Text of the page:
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A cross-case analysis of ESD learning and development in UK business schools

A cross-case analysis of ESD learning and development in UK business schools
A cross-case analysis of ESD learning and development in UK business schools
Education for Sustainable Development (ESD) has found its way onto business school agendas with an increase in curricular engagement. With a large number of students obtaining business and management degrees, business schools are at the forefront of educating future business leaders, hence are in the spotlight of sustainability and responsibility debates. Academics are crucial in ESD research and teaching, yet their learning and development is still largely confined to the side-lines in academic debates, which is paradoxical given their role in educating future business leaders. This thesis investigates academics’ learning of ESD and their perceptions on professional development opportunities as a means to support curricular integration. A cross-case analysis of three UK business schools highlights similar barriers and drivers across universities, and shows that enthusiasts remain at the forefront of ESD integration, a process influenced by each institutional setting. Additionally, there is a fragmentation on how academics learn and develop their knowledge and skills and ESD learning. Other findings point to the marketisation of HE and changing academic role that constitutes a higher degree of pressure and additional responsibilities. Ultimately, ESD learning and integration are impacted through individuals’ lack of time to engage, a lack of funding and support and shifting priorities in research that is more likely to further their careers. The implications of this study are twofold, firstly suggesting that academics’ ESD development requires individuals, both enthusiasts and non-enthusiasts, to embrace other forms of learning such as social learning in order to increase collaborations across University departments and disciplines. This in turn ties in to ongoing institutional support for enthusiasts to pursue sustainability activities. Secondly, the changing role of academics has to be taken into consideration to contribute to a more realistic and systemic integration of ESD, by firmly prioritising the concept as part of institutions blue prints.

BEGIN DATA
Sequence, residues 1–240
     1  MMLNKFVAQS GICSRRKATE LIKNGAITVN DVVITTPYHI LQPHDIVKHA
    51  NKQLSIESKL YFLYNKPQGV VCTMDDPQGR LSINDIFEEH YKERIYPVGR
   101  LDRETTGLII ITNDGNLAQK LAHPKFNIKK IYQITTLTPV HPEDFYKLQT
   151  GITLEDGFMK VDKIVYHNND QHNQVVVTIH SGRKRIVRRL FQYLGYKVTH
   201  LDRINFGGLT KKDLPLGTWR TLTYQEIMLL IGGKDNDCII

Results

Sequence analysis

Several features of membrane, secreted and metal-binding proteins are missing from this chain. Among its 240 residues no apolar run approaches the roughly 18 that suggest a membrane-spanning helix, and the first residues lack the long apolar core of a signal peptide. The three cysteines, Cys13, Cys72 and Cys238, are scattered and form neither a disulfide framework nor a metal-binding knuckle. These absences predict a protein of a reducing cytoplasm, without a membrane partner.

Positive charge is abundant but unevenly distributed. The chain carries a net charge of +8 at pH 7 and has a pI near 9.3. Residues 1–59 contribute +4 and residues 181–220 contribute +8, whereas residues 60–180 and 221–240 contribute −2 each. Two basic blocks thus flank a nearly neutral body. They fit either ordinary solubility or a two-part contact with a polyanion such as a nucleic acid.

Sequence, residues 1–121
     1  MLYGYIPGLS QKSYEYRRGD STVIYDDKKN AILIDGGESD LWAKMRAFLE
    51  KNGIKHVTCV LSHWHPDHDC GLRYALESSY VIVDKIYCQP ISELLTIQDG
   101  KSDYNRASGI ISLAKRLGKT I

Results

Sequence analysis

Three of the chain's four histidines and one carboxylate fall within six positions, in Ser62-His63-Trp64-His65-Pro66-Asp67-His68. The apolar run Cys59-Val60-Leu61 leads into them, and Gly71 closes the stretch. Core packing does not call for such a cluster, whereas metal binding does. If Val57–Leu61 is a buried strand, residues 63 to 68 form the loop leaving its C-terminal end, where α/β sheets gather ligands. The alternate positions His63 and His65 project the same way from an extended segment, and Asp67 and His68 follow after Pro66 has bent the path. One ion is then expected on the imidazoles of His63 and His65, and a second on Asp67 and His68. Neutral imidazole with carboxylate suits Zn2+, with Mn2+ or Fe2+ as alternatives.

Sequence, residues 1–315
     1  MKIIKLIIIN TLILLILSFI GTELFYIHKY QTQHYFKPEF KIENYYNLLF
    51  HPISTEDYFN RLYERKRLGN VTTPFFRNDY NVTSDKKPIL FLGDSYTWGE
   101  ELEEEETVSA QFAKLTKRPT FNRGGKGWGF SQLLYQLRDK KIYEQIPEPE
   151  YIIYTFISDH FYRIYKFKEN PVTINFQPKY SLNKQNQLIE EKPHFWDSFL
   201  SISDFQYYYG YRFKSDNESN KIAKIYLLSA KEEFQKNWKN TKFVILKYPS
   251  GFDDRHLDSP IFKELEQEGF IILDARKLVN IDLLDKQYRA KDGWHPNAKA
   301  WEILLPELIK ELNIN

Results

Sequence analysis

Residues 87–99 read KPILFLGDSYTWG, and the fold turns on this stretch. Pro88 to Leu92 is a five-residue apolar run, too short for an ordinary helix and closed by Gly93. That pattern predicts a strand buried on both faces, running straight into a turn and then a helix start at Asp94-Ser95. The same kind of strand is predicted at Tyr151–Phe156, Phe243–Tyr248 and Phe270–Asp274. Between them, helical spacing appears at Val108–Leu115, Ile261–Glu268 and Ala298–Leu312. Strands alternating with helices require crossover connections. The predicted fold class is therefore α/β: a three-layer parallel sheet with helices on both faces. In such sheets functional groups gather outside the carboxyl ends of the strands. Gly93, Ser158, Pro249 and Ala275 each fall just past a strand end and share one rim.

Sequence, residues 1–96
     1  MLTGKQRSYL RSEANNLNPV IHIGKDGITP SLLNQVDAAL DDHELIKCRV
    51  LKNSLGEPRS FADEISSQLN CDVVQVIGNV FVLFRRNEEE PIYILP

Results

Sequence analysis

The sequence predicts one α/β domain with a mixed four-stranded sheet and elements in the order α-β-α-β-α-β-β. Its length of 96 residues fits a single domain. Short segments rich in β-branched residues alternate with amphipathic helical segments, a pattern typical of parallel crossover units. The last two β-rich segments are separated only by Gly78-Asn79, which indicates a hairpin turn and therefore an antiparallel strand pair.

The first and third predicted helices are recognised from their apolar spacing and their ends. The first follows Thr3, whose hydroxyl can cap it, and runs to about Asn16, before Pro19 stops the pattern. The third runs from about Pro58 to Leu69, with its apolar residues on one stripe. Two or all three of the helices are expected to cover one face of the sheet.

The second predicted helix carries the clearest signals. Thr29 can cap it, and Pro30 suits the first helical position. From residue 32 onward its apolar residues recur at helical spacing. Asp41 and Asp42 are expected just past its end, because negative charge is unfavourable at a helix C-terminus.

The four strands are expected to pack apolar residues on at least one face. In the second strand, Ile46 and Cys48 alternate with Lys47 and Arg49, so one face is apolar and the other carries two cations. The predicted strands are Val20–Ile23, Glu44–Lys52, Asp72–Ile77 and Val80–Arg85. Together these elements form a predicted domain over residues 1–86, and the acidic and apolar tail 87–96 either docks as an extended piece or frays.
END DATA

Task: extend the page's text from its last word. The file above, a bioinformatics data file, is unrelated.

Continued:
University of Southampton
Salmen, Angelika
95cbd252-d200-4692-8a21-8a2b6e11e44b
Salmen, Angelika
95cbd252-d200-4692-8a21-8a2b6e11e44b
Tomlinson, Michael
9dd1cbf0-d3b0-421e-8ded-b3949ebcee18

Salmen, Angelika (2018) A cross-case analysis of ESD learning and development in UK business schools. University of Southampton, Doctoral Thesis, 323pp.

Record type: Thesis (Doctoral)

Abstract

Education for Sustainable Development (ESD) has found its way onto business school agendas with an increase in curricular engagement. With a large number of students obtaining business and management degrees, business schools are at the forefront of educating future business leaders, hence are in the spotlight of sustainability and responsibility debates. Academics are crucial in ESD research and teaching, yet their learning and development is still largely confined to the side-lines in academic debates, which is paradoxical given their role in educating future business leaders. This thesis investigates academics’ learning of ESD and their perceptions on professional development opportunities as a means to support curricular integration. A cross-case analysis of three UK business schools highlights similar barriers and drivers across universities, and shows that enthusiasts remain at the forefront of ESD integration, a process influenced by each institutional setting. Additionally, there is a fragmentation on how academics learn and develop their knowledge and skills and ESD learning. Other findings point to the marketisation of HE and changing academic role that constitutes a higher degree of pressure and additional responsibilities. Ultimately, ESD learning and integration are impacted through individuals’ lack of time to engage, a lack of funding and support and shifting priorities in research that is more likely to further their careers. The implications of this study are twofold, firstly suggesting that academics’ ESD development requires individuals, both enthusiasts and non-enthusiasts, to embrace other forms of learning such as social learning in order to increase collaborations across University departments and disciplines. This in turn ties in to ongoing institutional support for enthusiasts to pursue sustainability activities. Secondly, the changing role of academics has to be taken into consideration to contribute to a more realistic and systemic integration of ESD, by firmly prioritising the concept as part of institutions blue prints.

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Published date: June 2018

Identifiers

Local EPrints ID: 433257
URI: http://eprints.soton.ac.uk/id/eprint/433257
PURE UUID: cdb97abb-0a27-48d7-8e7a-2b07112ed60d

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Date deposited: 12 Aug 2019 16:30
Last modified: 12 Aug 2019 16:30

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